At 97, it's not time to hang up the dancing shoes yet

Dorothy Christison's 97th birthday was cause for a family reunion at her Old Driftway home on Saturday. Ms. Christison, who has lived in Wilton more than 50 years, welcomed family members from across the country on Jan. 11.

Her eldest daughter, Pamela Stivers, traveled from Melbourne, Fla., with her husband, John, and son Geory, while daughter Julie Portman flew from South Haven, Mich., with her husband, Jerry. Their daughter Nicole Portman-Fortson came from Wheaton, Ill., with her husband, Benjamin Fortson, and their son Benjamin Jr.

Surrounded by her family, Ms. Christison celebrated 97 years of life with a birthday dinner consisting of ham, sweet potatoes, creamed onions, and green beans, topped off with an angel food birthday cake.

During her party, Ms. Christison shared wisdom with her family and reflected on the long, eventful life she has had and continues to lead.

Ms. Christison was born Jan. 21, 1917, in South Bend, Ind., where her father, Elmer Freed, was a tap dancer. Like father like daughter — Ms. Christison developed an interest in the performing arts. At the age of 10, she started studying dance and grew up to become an award-winning dancer.

“I taught ballet for 30 years, and I still study and teach dance today,” said Ms. Christison, who is a certified life member of Dance Educators of America.

Ms. Portman said she can only hope that she is as “physically and mentally fit, flexible and active” as her mother when she reaches 97.

In 1938, Dorothy married George Christison in Moline, Ill., where she opened her first dance studio.

Before moving to Wilton in 1960 with her husband and two daughters, Julie and Pamela, Ms. Christison and her family lived in Tucson, Ariz., Vero Beach, Fla., and Burlington, Iowa.

“I was lucky to have my own dance studio in Tucson when we lived there and in Vero Beach, but I didn’t have a studio in Wilton,” Ms. Christison said.

Instead of opening a studio, Ms. Christison and four other women started the Young Horizons organization.

“We brought cultural programs into the school system during school hours,” said Ms. Christison. “At that time, in those early days, Wilton didn’t have anything like that.”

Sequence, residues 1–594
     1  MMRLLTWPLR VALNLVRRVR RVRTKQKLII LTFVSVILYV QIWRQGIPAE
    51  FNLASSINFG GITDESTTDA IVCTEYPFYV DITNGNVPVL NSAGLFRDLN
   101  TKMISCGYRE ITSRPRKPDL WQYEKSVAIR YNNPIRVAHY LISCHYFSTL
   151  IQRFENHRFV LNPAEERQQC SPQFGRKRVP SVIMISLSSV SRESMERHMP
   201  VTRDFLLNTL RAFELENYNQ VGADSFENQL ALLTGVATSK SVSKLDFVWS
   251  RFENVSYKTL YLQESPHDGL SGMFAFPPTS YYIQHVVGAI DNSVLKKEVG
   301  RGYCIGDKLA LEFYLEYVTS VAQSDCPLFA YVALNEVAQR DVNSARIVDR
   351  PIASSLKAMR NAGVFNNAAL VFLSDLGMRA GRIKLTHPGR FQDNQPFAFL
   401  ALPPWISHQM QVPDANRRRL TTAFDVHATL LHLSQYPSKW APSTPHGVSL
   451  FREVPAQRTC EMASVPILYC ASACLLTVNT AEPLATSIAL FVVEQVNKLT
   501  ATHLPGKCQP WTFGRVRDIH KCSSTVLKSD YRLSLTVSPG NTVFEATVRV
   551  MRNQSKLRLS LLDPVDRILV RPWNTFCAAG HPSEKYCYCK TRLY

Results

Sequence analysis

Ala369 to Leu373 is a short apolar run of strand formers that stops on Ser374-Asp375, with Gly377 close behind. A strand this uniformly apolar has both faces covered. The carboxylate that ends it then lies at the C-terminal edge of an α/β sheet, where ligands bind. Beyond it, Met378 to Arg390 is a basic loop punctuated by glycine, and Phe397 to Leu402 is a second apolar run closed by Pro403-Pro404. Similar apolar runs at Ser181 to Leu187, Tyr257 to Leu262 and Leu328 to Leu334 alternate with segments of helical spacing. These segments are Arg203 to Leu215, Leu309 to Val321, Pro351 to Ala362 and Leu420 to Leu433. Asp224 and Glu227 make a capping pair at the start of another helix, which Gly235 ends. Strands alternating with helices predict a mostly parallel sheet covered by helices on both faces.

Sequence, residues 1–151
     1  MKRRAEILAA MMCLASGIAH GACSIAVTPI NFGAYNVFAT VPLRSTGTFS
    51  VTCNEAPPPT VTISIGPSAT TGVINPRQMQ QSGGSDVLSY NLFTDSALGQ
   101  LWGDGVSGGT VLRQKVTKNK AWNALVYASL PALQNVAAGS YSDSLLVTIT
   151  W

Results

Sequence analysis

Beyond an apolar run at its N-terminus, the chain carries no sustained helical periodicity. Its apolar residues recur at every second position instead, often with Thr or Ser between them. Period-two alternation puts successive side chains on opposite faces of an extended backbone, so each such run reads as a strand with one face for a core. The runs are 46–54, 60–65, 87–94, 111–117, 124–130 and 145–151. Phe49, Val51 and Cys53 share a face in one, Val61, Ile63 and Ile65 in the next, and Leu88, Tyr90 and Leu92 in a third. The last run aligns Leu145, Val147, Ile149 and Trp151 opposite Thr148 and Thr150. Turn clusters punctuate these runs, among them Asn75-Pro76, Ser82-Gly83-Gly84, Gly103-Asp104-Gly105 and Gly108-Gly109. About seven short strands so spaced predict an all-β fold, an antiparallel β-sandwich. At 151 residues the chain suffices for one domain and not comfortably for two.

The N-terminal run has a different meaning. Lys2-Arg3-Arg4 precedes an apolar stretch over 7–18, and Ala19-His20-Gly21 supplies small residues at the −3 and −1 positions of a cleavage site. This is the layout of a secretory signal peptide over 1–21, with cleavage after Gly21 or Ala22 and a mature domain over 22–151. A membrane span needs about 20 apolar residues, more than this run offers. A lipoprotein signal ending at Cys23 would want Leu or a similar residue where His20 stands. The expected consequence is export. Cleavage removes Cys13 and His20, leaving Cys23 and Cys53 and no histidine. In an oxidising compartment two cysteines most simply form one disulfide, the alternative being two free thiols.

Wilton lacked not only cultural school programs at that time but police officers and residents as well.

“We had one policeman, who was a state trooper assigned to the area, and I think now we have around 50,” she said, “and there were 8,000 people then, and now there’s like 20,000.”

In addition to being a co-founder of Young Horizons, Ms. Christison began a real estate career in Wilton.

“I had my own real estate office called ‘Christison Realtors’ down on Route 7,” she said.

After having her own office for a little more than 12 years, Ms. Christison worked for another real estate company for the remainder of her 30-year real estate career.

Ms. Christison has been an active member of the Wilton community for years.

Not only is she a co-founder of the Wilton Arts Council, she is also a member of the Wilton Playshop and Wilton Congregational Church. She is the Wilton Garden Club’s oldest, longest-serving member.

Of everything, Ms. Christison said, dancing has always been No. 1.

“Dancing has consumed my life and it’s so rewarding,” she said. “It’s the most beautiful of all the performing arts, in my opinion.”

Ms. Christison has owned 71 pairs of dance shoes, 65 of which she still has.

“They’re pretty well-worn,” she said. “They show my hard work and I don’t want to throw those away.”

“My mother has worked very hard all her life and has taught us anything is possible with work and love of what you pursue,” said Ms. Portman.

“She taught us to use whatever talents God gave us and to share and pass the gifts on.”

Over the half-century she has lived in Wilton, Ms. Christison said, the worst of her memories is “when the electricity went off for eight days last year.”

“Everybody said I should be in a nursing home at my age, but there are too many good memories,” she said. “That’s why I’m still here.”